In the goal settings menu, you can change all the wording associated with your goal.
The goalname should be a single word that reflects the goal's intent. It's also used in the URL of your goal, so choose wisely! You can change this anytime, but Beeminder will not automatically create redirects — if you've linked to it elsewhere, those links will be dead!
To change the goalname, first type the current goalname in the popup to confirm you understand you'll break links. Then type the new goalname in the text field that appears and hit Enter or press Update Goal below to save the change.
The goal description is an optional, slightly longer way to describe the goal's intent. It appears underneath the countdown on the goal page, as well as underneath the goal name in the dashboard. Most people use this to provide a little more info on goal context, for when the goalname doesn't convey quite enough info.
To change the goal description, type the new one in the text field, or use the pencil icon below the countdown line above the graph image to do the same thing. Hit enter or press Update Goal to save the change.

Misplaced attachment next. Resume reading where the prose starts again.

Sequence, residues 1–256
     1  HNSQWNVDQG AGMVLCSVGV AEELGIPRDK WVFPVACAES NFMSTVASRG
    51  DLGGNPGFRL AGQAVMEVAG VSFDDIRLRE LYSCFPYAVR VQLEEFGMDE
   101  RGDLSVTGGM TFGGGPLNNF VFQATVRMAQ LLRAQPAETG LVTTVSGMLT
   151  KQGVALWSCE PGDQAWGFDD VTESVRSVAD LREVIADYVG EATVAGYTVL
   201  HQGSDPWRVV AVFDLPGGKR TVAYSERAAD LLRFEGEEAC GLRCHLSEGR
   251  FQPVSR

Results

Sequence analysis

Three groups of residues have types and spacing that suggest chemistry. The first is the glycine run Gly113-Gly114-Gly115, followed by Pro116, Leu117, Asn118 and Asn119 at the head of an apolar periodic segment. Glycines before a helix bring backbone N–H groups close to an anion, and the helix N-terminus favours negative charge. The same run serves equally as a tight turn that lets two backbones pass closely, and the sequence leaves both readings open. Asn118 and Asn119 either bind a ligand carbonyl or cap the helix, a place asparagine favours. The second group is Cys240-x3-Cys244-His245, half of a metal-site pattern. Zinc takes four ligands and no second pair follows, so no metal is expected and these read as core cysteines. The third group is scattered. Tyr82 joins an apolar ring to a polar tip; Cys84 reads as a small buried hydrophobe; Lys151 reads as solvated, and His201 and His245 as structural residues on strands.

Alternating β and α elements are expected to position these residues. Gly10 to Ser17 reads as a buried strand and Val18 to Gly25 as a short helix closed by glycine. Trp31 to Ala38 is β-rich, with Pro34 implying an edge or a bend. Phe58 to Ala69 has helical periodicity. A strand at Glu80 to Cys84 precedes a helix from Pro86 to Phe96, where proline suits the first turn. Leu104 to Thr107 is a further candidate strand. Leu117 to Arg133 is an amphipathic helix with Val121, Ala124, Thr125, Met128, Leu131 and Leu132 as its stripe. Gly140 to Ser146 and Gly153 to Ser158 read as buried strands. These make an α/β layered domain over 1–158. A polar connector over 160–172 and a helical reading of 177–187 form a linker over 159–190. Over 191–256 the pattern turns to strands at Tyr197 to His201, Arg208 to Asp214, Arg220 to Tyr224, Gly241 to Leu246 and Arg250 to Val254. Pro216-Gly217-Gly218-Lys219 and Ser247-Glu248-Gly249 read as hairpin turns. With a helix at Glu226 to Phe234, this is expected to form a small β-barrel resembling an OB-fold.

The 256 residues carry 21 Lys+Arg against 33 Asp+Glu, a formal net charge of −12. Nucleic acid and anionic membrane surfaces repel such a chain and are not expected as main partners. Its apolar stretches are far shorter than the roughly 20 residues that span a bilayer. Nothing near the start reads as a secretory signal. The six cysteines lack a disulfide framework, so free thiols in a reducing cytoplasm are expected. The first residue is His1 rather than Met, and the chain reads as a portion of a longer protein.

The goal units is an optional field that describes what you are counting with your goal. If you want to read more, it could be "pages" or "books" or "papers" — whatever you're measuring to satisfy the goal!
You can change the units text anytime by editing the text field, then hit enter or press Update Goal to save the change. If you want to change the unit text and the value (e.g., from minutes to hours), scaling the goal is probably the route you want to take!
For goals that measure hours, it can be helpful to see things in terms of hours and minutes: "47 minutes" rather than "0.7833333 hours." Tick this box to convert hours to HH:MM display. Note that if your goal is not using hours as its unit, this option might display really bizarre-looking information!
The fine print is a free-form text field that lets you enter just about anything you want. Some people use it to keep a history of their goal and significant events. Others use it to list special exceptions or conditions, like "any derailment on this goal is not legit if my office called me after 9pm that night." Others use it as a rulebook to keep track of really complicated points systems.
The fine print is private unless you want to make it public, by checking the Make fine print publicly visible box and saving changes.